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May 11, 2016Print this page

How to Swab for MRSA

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Healthcare swabs are one of our specialties as a company. Through our research and interactions with many different types of healthcare providers, we have come to know how incredibly difficult and important their work is. Our goal is to make sure our swabs provide the end user with exactly what they need so they can always perform at the highest level.

Publishing how-to guides, like "How to Swab for the Flu" and "How to Collect a Throat Swab Specimen", is one way we provide support to the end users of our products. Many of these methods are used by nurses with our products on a daily basis. Since its National Nurses Week, we want to take a moment to celebrate these health care warriors with a new resource: "How to Swab for MRSA." We hope you find it helpful!

What is MRSA?

MRSA are types of Staphylococcus aureus, or "staph," bacteria that is present in the nose of about 25-30% of U.S. adults. S. aureus is usually innocuous and asymptomatic, but sometimes when there is a break in someone's skin, or if someone's immune system is weakened, the bacteria can cause an infection. Unfortunately, certain strains of S. aureus have built up an immunity to many types of antibiotics over the years. These strains can cause skin infections at a minimum; pneumonia, bloodstream infections, or infections at a surgical site are at the severe end of the spectrum.

MRSA is contagious both by person-to-person contact and when a contaminated person touches objects or surfaces and leaves bacteria that can be transferred. Around 126,000 people are hospitalized and 19,000 die each year because of the bacteria. 

Swabs for MRSA

According to the American Society for Microbiology, nasal swabs have higher MRSA detection rates than do axillary and groin swabs. Further, studies have shown "best results are obtained by using a flocked swab in combination with Amies transport medium."  Flocked swabs provide better sample collection due to their brush-like tip, which releases higher numbers of target cells and retains more liquid sample than foam swabs.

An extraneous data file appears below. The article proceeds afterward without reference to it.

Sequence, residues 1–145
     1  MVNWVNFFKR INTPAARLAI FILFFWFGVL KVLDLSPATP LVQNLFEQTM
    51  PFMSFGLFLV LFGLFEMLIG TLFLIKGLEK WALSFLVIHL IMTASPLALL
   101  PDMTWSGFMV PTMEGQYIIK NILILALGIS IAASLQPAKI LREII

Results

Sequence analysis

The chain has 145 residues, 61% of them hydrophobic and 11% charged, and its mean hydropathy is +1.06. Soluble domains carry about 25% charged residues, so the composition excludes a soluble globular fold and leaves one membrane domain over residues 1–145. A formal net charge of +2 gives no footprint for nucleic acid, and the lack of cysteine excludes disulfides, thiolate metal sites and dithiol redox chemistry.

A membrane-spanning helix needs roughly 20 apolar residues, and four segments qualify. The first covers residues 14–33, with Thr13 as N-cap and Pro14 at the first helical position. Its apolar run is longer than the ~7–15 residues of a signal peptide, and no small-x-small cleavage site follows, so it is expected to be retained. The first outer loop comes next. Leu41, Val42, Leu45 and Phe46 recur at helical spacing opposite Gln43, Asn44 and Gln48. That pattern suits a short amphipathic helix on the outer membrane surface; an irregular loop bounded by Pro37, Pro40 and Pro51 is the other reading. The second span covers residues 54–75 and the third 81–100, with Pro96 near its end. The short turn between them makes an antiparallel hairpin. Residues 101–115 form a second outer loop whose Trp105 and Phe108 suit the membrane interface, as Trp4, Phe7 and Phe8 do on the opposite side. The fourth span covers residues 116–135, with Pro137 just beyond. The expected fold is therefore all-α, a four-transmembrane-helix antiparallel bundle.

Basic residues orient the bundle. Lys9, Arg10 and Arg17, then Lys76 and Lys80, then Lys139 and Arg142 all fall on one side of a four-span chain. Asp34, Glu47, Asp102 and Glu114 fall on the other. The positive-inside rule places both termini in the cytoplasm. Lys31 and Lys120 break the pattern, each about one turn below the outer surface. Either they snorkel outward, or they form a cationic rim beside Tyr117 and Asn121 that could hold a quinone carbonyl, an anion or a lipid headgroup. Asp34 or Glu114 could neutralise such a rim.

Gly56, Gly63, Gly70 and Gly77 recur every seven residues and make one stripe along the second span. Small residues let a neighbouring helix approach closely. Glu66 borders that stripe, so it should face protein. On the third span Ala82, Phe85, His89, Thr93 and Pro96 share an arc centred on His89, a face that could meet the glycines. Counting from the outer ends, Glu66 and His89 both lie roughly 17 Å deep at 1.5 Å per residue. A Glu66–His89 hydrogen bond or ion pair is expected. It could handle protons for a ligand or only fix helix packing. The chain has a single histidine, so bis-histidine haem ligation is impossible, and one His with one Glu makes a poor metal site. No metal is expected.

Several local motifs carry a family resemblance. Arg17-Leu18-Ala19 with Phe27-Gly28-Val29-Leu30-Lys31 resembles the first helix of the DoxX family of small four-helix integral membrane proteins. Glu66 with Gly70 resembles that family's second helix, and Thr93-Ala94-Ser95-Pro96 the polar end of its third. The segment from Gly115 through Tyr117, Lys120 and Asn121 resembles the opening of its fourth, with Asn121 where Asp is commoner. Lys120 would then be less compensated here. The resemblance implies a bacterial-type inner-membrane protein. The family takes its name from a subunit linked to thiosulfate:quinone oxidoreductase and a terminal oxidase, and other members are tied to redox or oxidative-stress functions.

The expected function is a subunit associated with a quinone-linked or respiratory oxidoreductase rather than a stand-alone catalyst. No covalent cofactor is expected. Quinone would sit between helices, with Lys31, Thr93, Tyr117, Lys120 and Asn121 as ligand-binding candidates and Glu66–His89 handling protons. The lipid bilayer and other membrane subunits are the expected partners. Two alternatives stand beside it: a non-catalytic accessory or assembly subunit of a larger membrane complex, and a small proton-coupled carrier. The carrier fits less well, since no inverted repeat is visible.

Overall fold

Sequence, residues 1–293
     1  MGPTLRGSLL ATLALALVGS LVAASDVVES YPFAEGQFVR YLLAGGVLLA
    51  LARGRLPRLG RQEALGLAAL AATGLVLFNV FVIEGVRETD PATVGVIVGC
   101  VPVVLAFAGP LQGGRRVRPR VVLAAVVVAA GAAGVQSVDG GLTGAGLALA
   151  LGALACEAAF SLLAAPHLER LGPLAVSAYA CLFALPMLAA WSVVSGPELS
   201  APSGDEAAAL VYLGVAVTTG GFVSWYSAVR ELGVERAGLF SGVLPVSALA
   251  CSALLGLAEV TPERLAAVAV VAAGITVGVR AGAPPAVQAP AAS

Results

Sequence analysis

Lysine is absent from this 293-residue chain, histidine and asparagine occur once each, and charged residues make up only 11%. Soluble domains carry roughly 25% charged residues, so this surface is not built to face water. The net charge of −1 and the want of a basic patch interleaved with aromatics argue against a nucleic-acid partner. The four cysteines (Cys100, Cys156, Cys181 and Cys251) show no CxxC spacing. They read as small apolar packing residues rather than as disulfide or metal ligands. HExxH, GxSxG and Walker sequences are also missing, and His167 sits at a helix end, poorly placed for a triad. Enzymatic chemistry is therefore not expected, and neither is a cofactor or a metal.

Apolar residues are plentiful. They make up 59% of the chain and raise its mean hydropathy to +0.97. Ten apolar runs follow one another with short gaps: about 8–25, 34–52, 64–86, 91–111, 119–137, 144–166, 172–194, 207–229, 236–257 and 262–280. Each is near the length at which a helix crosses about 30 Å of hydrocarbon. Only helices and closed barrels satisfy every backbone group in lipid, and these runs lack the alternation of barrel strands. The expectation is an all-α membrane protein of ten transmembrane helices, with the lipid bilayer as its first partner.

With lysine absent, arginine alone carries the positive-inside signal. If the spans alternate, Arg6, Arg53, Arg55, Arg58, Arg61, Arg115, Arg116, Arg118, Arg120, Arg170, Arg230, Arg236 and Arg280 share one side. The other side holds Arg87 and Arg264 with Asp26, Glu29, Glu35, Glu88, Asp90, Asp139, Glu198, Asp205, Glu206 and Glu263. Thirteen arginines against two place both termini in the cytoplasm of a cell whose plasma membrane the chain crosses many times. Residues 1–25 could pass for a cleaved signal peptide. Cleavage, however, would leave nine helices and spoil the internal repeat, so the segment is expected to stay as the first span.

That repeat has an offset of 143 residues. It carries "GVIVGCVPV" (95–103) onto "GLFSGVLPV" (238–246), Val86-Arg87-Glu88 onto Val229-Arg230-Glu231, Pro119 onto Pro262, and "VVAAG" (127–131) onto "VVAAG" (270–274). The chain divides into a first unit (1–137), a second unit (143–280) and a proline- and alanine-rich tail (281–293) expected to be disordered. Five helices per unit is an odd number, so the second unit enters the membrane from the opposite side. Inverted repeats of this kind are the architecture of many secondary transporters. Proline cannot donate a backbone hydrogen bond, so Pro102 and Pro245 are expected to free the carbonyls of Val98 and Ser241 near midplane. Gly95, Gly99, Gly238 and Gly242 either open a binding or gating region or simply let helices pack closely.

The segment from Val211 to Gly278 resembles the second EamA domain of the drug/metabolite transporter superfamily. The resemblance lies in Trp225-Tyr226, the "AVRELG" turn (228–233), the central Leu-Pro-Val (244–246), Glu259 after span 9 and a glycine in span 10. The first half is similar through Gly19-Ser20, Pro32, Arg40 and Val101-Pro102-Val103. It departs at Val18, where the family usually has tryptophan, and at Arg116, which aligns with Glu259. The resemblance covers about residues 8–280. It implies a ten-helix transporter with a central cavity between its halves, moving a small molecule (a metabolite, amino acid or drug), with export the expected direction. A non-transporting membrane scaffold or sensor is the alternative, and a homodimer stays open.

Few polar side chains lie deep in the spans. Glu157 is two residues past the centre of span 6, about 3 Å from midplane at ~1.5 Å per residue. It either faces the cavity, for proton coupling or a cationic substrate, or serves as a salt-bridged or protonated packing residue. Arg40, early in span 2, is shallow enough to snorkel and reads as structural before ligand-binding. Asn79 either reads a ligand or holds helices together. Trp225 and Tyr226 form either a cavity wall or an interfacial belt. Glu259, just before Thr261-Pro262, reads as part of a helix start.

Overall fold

Our Opti-Swab sterile swabs were designed for the collection and transport of clinically significant bacteria. The high-performance swab tip features our patented HydraFlock swab with a molded breakpoint that makes sampling fast, safe, and convenient. Each is packaged with a vial that contains 1 ml of Amies medium for elution.

Nasal Swab Screening for MRSA

Once a swab and transport medium, like Puritan's Opti-Swab Media Transport System, are selected, the tester should wash his or her hands and put on clean gloves. The Center for Disease Control then outlines the following steps:

  1. Twist to remove the cap from the transport tube.
  2. Remove the swab.
  3. Insert the swab approximately 2 cm (approximately 3/4 inches) into one nostril.
  4. Rotate the swab against the anterior nasal mucosa for 3 seconds.
  5. Using the same swab, repeat for the other nostril.
  6. Place swab back into the transport tube.
  7. Place the end of the swab firmly to ensure the swab tip comes in contact with the moistened pledget.
  8. Secure the transport tube cap. 

Hospitals and clinics may advise nurses to use other mediums and methods, but our hope is to provide a valuable resource for those who use Puritan products. It's the least we can do considering your time and sacrifice spent helping others. So thank you and Happy Nurses Week! 

Still have questions about swabbing for MRSA, or about other Puritan disposable medical products? Contact us today!

Flocked-Swabs-Puritan

Topics: Media Transport Systems, Medical, Diagnostics, Specimen Collection Procedure

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